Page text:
Lending Lingo: Understanding Amortization

The home buying process is fraught with confusing terminology, especially for first-time buyers. Understanding the lingo of the mortgage lending industry is key to gaining clarity about your home loan and understanding your responsibilities as a buyer.

If your lender has offered you an “amortized loan” or discussed an “amortization schedule,” you may be scratching your head about what this truly means to your bottom line. Below are a few common questions and answers to help you navigate the road to homeownership.

What is amortization?

Although the term may sound foreign, the concept itself is relatively simple – amortization is simply the process of paying off a loan over a defined period of time through structured payments. It allows you to pay off a large sum bit by bit, at a monthly amount you know and agree to ahead of time. Mortgages are, perhaps, the most common form of amortized loan.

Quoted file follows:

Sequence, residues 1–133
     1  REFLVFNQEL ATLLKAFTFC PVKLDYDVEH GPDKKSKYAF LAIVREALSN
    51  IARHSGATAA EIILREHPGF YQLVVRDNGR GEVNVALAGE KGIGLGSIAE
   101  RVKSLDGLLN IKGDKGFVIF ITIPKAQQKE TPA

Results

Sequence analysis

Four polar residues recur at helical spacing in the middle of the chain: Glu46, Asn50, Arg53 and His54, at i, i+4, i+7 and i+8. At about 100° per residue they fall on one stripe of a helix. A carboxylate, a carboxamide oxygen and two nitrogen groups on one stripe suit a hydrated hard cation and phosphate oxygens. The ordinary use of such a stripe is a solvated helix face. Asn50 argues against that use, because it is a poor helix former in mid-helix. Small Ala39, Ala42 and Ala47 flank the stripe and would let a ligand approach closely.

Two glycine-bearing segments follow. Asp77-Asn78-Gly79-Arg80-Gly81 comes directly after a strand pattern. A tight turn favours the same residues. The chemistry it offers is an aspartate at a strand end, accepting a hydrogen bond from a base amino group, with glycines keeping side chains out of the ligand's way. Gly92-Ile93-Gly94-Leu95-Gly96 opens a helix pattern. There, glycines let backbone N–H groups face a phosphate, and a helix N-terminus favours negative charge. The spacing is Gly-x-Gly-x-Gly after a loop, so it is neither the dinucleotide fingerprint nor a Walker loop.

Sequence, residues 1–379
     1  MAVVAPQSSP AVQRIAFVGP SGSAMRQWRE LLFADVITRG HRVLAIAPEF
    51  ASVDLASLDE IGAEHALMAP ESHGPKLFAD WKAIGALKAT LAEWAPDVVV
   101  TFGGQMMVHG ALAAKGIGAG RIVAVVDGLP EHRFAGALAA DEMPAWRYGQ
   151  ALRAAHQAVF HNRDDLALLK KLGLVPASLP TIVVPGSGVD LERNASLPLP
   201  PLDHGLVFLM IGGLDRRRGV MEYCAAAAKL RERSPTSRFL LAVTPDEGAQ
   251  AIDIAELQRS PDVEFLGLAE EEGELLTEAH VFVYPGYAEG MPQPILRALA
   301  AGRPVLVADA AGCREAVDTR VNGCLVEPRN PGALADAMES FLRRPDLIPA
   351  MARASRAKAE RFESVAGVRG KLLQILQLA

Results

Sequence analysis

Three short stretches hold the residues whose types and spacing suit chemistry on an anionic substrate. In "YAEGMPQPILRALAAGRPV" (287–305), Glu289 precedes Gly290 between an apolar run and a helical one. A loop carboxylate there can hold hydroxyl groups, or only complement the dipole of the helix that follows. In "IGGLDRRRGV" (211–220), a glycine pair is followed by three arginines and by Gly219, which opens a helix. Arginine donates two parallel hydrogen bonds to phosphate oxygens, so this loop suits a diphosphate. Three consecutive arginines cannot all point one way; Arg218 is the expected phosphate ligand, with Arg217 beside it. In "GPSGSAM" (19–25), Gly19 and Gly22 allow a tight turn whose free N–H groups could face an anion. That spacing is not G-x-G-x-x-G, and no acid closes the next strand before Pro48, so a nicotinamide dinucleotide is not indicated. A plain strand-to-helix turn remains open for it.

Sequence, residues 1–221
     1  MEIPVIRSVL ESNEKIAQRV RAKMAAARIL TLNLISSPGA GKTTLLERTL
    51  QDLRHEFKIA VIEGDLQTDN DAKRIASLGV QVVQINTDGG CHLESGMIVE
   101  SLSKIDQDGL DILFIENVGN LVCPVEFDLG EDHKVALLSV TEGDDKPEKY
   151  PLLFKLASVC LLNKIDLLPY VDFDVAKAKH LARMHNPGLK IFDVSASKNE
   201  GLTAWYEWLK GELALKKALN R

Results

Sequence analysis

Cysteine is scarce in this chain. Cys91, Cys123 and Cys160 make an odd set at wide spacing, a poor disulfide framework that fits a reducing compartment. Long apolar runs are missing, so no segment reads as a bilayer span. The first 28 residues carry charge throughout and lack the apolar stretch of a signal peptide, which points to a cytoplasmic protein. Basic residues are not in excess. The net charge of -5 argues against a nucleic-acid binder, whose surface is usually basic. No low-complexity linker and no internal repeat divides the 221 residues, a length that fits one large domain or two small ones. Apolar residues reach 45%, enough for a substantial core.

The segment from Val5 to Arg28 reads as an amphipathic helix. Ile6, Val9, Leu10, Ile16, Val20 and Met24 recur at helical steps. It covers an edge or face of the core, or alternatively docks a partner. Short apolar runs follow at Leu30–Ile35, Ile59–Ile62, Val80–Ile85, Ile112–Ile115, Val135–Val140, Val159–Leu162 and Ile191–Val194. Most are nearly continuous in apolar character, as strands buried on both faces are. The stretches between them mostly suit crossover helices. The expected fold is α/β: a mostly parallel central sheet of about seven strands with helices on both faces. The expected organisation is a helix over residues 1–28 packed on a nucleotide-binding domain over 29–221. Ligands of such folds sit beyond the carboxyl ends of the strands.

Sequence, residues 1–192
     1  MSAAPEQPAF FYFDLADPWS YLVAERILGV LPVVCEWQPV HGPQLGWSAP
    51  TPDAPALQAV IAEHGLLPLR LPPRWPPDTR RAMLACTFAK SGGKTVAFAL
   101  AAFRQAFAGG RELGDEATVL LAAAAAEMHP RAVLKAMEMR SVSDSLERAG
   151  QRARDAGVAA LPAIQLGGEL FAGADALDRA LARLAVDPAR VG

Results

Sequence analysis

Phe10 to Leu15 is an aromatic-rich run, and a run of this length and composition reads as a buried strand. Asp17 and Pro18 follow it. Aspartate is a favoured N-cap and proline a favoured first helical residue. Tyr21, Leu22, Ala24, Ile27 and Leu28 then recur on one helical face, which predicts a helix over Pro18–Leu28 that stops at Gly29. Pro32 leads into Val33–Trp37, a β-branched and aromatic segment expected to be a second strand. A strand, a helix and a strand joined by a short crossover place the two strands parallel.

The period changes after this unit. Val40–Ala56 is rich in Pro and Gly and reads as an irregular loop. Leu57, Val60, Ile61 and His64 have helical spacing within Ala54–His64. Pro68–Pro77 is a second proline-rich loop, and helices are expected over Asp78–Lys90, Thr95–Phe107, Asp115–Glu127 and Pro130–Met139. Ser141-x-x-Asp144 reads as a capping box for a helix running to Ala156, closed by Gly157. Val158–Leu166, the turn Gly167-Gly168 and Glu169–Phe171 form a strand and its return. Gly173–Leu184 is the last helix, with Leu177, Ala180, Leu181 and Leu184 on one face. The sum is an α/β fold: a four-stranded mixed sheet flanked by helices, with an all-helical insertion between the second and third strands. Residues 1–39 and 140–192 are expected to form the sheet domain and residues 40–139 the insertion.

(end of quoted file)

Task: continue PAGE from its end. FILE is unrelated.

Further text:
How is an amortized loan payment calculated?

Lenders use a mathematical formula to determine the monthly payment on an amortized loan. First, they take the principal – that is, the amount owed after the down payment – and divide it by the number of months agreed upon for repayment of the loan. Next, interest will be added, using your loan’s interest rate calculated against the term of the loan.

What does this mean for my monthly payment?

Each monthly payment you make will first reduce a portion of the interest, and then a portion of the principal loan amount. As such, in the beginning years of your loan, the vast majority of your payments will go to pay down interest. Since interest is calculated based on the remaining principal, some buyers choose to make additional payments against the principal each month, helping to eliminate the overall loan and interest balance more quickly.

If you have questions about your mortgage loan amortization, or you wish to pay more against your principal balance each month, contact your lender’s customer service representative today.

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